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Open a Link Asyncronously in a New Window with AngularJS - Approach 3

I was working on a client's AngularJS project. When the user clicked a button to open another application, we wanted to make a service call to log the request and make sure we redirected the user to the right place. Some users would see different versions of the other application, and the service call told us the proper variables to pass.

Unfortunately, after we made the service call the link would not open. I started to research for more information as to what the problem may be. Basically, a browser won't open external pages if they aren't done in response to a user interaction such as clicking a button. The browser assumed user request was ended by the time our promise object resolved.

This is how I solved the issue.

By, the way, this is the third in the series about opening links through AngularJS. Check out the first and second.

The Setup

First, add Angular to your Application:


<script src="//ajax.googleapis.com/ajax/libs/angularjs/1.6.0/angular.min.js"></script>

Then, create an Angular Module and controller:


angular.module('test',[]);
angular.module('test').controller('someController',['$scope','$window','$q', function($scope,$window,$q){
}]);

Three elements are injected into the controller. $scope is the common service used to communicate between the view and the controller. $window gives you an Angular reference to the browser's window object. We'll use $window to open the new page. Finally, $q is added. We are going to use $q to create a promise object to simulate an actual remote service call.

Open the new page

There are multiple steps that we took to create the new page. The new page must be open with user interaction, so let's create the buttons first:


<body ng-app="test">

<div ng-controller="someController">
<button ng-click="onButtonClick(true)" >Open Link Async Success</button>

<button ng-click="onButtonClick(false)" >Open Link Async Refuse</button>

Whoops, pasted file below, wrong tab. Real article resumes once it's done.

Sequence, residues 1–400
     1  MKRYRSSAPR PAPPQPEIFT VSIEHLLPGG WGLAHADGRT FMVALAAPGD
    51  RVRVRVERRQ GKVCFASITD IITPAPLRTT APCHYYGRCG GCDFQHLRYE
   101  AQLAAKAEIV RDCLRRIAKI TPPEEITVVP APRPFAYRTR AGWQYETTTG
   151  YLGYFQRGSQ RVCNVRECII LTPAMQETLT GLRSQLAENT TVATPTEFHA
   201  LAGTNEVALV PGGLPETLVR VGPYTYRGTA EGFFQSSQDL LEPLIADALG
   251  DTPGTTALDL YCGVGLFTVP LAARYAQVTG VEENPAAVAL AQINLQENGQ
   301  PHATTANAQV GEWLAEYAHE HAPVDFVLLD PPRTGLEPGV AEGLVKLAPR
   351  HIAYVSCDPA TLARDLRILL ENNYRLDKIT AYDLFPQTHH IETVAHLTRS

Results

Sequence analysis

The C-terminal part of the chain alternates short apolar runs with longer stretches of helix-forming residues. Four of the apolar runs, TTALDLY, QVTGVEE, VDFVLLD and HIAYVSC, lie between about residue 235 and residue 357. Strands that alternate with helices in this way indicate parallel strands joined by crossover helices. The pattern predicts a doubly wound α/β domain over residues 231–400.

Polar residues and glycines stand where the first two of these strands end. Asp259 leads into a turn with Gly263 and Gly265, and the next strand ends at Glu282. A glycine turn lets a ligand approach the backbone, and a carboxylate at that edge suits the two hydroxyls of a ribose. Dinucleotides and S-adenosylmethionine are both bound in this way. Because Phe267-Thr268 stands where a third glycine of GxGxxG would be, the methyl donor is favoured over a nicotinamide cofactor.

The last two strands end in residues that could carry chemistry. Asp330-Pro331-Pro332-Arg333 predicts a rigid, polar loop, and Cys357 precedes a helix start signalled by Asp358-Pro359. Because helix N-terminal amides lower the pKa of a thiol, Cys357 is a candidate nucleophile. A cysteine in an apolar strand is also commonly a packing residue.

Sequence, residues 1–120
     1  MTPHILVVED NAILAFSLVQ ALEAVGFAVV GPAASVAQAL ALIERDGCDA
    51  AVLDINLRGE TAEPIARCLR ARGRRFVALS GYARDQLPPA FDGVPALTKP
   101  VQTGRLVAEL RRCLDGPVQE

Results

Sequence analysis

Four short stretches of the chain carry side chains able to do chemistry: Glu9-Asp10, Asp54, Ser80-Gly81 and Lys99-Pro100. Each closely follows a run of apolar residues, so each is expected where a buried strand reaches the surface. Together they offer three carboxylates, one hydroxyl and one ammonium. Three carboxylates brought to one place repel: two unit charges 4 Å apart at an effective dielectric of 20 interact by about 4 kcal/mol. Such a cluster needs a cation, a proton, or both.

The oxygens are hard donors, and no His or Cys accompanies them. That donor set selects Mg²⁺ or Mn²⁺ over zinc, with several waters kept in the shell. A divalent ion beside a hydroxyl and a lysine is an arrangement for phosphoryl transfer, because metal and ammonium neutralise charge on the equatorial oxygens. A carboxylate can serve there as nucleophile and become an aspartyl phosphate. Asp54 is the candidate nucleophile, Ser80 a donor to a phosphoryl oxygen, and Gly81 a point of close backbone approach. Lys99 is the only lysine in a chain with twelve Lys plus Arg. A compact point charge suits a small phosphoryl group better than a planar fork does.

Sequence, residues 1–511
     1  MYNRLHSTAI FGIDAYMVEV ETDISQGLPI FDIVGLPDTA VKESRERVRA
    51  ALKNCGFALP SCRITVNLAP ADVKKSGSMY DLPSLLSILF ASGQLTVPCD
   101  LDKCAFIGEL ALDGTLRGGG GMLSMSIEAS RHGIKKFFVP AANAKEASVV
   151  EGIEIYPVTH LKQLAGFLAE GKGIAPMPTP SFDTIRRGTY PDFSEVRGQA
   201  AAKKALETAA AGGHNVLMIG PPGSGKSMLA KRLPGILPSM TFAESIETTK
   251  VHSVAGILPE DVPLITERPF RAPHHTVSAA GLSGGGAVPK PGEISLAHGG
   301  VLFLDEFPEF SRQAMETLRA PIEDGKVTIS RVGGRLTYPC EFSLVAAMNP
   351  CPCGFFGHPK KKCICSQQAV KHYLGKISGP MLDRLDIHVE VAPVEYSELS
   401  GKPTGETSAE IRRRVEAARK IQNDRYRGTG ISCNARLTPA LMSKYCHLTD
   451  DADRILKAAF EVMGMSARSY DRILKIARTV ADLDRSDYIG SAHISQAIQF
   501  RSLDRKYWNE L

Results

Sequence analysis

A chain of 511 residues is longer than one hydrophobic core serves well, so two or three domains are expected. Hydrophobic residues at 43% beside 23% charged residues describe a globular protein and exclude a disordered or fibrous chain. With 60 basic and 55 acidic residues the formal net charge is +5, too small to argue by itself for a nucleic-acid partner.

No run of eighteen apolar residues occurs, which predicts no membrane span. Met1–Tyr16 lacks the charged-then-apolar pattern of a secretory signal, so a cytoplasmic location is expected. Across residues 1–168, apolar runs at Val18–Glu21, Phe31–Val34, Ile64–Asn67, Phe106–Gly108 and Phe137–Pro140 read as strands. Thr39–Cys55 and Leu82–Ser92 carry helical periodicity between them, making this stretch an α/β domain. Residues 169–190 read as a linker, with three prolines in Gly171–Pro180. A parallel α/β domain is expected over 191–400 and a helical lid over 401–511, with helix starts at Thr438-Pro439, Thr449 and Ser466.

</div>

This code contains two buttons; one that will successfully open the page and another that will not--as if the service call was rejected for reason. Both call the same onButtonClick method, passing in a Boolean value specifying whether the link should be open or not:

Create the stub for the method:


$scope.onButtonClick = function(openOrClose){
}

The new window must be open in response to the click; so first open the window:


var newWindow = $window.open('about:blank','myCustomWindowTitle');

This uses $window.open() to open the new window and it opens to a blank about page.

Next, make the remote service call, in our case we simulate it using $q. Create the promise:


var defer = $q.defer();

Write the success and failure functions:


defer.promise.then(function(){
newWindow.location.href = 'https://www.jeffryhouser.com'
}, function(){
newWindow.close();
});

The failure function will close the new window we created. The success function will change the location of the window, in essence opening the new page.

Now, decide whether to resolve or reject the promise:


if(openOrClose){
defer.resolve();
} else {
defer.reject();
}

The decision is made based on the value of the openOrClose argument passed into the onButtonClick() method.

Load the app and you'll see something like this:

A boring UI. Click the 'refuse' button and the service call is so quick and the window will close as quick as it would open. This is undesirable, but I don't know of another way. The user may see a blink.

Click the open button, and you'll see this:

The link to my blog will open in a new tab, based on my default browser settings.

Play with the code here.

What is Next?

The final entry in this series will show you how to submit a form post after asynchronously making a call. That will be out next week.

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